On 21 March the winner of Trafalgar Square’s Fourth Plinth commission for 2018 was announced as Michael Rakowitz, an Iraqi-born artist working in the US. The Invisible Enemy Should Not Exist will be an imaginative recreation in London of a Lamassu destroyed by IS at Nineveh. Rakowitz, working with antiquities, has long explored ideas about migration, homelessness and war in the Middle East.
Meanwhile in New York, Michael Secunda, a British artist, is exhibiting miniaturised Greek and Assyrian reliefs riddled with gunshot at the Thomas Jaeckel Gallery (6 April to 6 May). Visiting Iraq, says Secunda, antiquities were in inaccessible war zones, so he cast bullet damage in nearby walls, and back home worked the shatter holes into more casts of ancient sculptures. His work has an immediate beauty of colour and texture, but he is not, he says, making political statements, just recording. ISIS Bullet Hole Paintings is the latest in a series of related projects.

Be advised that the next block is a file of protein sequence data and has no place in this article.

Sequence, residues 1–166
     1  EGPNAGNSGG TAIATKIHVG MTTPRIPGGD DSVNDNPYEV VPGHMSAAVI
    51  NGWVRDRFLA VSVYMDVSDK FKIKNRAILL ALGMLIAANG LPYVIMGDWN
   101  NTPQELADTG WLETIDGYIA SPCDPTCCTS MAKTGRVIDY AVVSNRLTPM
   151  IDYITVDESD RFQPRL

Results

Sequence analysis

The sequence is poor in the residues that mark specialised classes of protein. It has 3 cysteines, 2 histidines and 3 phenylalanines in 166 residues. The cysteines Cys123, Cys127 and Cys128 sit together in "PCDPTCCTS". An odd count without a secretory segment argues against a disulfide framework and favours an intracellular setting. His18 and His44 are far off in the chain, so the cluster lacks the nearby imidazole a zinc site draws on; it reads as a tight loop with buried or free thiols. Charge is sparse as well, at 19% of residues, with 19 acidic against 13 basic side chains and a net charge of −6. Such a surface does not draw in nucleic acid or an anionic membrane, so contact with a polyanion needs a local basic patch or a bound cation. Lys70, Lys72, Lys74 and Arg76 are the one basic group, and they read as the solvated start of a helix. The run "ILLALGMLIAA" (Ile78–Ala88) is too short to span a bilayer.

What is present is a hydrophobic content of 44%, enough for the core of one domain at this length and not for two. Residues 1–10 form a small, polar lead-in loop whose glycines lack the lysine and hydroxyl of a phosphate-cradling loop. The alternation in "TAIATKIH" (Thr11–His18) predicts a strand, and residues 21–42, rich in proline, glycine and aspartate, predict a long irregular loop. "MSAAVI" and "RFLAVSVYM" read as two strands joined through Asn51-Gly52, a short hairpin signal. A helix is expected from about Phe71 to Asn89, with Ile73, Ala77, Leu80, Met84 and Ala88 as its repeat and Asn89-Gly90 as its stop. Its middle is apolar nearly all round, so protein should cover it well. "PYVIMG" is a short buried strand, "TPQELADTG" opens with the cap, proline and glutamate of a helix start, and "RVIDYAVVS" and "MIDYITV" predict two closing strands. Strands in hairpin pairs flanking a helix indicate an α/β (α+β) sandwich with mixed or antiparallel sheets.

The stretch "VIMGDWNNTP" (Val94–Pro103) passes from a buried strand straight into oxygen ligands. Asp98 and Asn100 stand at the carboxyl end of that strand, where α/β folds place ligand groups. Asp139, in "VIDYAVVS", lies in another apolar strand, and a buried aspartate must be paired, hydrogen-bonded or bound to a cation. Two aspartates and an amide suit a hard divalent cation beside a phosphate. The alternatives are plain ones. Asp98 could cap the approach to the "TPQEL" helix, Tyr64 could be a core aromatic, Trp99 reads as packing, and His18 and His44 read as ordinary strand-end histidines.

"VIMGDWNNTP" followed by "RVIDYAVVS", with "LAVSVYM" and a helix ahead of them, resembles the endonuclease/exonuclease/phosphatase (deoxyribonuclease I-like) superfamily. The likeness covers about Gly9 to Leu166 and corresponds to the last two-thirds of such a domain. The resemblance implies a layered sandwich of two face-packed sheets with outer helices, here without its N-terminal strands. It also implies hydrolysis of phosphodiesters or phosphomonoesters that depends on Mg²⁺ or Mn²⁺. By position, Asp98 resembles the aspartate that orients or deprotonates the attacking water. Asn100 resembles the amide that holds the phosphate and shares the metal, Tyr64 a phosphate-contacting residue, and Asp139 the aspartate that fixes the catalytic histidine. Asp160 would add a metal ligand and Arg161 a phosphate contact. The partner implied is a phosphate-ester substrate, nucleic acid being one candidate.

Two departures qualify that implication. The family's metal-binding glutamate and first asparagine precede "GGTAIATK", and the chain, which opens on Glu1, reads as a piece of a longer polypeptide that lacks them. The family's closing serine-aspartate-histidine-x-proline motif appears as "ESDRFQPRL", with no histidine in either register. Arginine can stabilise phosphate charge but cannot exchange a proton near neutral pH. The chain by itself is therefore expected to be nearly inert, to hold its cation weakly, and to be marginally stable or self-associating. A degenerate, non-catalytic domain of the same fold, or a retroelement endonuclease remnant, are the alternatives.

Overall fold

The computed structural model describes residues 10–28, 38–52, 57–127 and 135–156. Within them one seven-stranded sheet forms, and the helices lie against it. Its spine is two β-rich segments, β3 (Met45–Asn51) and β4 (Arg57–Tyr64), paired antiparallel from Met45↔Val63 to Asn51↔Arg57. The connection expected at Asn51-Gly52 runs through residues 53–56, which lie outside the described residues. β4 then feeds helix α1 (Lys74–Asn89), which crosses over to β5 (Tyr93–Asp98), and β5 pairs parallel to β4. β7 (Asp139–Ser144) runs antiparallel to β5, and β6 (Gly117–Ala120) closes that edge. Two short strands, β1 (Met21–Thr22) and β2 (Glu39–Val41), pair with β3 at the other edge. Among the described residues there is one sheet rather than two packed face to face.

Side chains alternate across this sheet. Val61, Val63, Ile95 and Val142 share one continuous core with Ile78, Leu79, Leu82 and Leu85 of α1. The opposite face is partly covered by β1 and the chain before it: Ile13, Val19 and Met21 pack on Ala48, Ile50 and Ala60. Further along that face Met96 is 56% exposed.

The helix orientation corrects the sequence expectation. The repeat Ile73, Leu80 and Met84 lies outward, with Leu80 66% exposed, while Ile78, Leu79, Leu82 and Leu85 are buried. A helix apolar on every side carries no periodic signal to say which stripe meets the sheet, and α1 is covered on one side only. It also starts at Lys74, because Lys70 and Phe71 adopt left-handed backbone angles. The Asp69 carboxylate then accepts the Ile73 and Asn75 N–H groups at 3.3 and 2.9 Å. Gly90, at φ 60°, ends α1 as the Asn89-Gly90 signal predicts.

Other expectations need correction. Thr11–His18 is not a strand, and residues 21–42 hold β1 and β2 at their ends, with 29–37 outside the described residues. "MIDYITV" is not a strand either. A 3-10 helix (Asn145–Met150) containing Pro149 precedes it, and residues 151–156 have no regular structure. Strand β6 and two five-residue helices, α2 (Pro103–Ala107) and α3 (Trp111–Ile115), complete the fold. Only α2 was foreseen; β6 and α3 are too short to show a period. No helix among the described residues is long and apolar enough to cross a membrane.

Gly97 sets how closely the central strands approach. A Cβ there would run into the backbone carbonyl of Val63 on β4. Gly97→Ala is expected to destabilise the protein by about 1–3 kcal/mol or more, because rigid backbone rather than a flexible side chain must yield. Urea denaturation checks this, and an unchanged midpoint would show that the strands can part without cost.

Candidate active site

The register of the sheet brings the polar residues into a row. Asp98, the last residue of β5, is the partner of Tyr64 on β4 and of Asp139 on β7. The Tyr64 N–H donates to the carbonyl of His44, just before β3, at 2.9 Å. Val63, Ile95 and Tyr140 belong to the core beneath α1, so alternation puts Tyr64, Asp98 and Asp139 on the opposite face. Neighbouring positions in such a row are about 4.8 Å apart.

Archaeology: a Voice for Ruins

British Archaeology, says Graeme Barker FSA, is an extraordinary success story. The wonderful thing about it, adds Charlotte Roberts FSA, is that it attracts people from cradle to grave. Barker and Roberts are Fellows of the British Academy, and can be heard talking about ‘Archaeology's Biggest Challenges’ in a podcast recorded on the day of a meeting at the Academy on 29 March. The event was the launch of a report ‘calling for action to safeguard the future of UK archaeology, so it can continue to lead the way in groundbreaking discoveries – such as the 2013 discovery of the remains of Richard III in Leicester’ (though Barker was concerned that the public should know that finding things was not what most engaged archaeologists).
Last year the British Academy convened three seminars ‘to celebrate the significant strengths in UK archaeology, and honestly reflect on the challenges it needs to tackle if it is to continue to thrive.’ Invited participants successively discussed, ‘What archaeology is, what it does and how it tackles global challenges and global questions;’ ‘The educational landscape of archaeology across the life course’ (I spoke at that one); and ‘Speaking for the discipline.’ A steering group made up of Barker, Roberts, Christopher Gosden FSA and Kate Welham FSA has now produced a summary report, Reflections on Archaeology.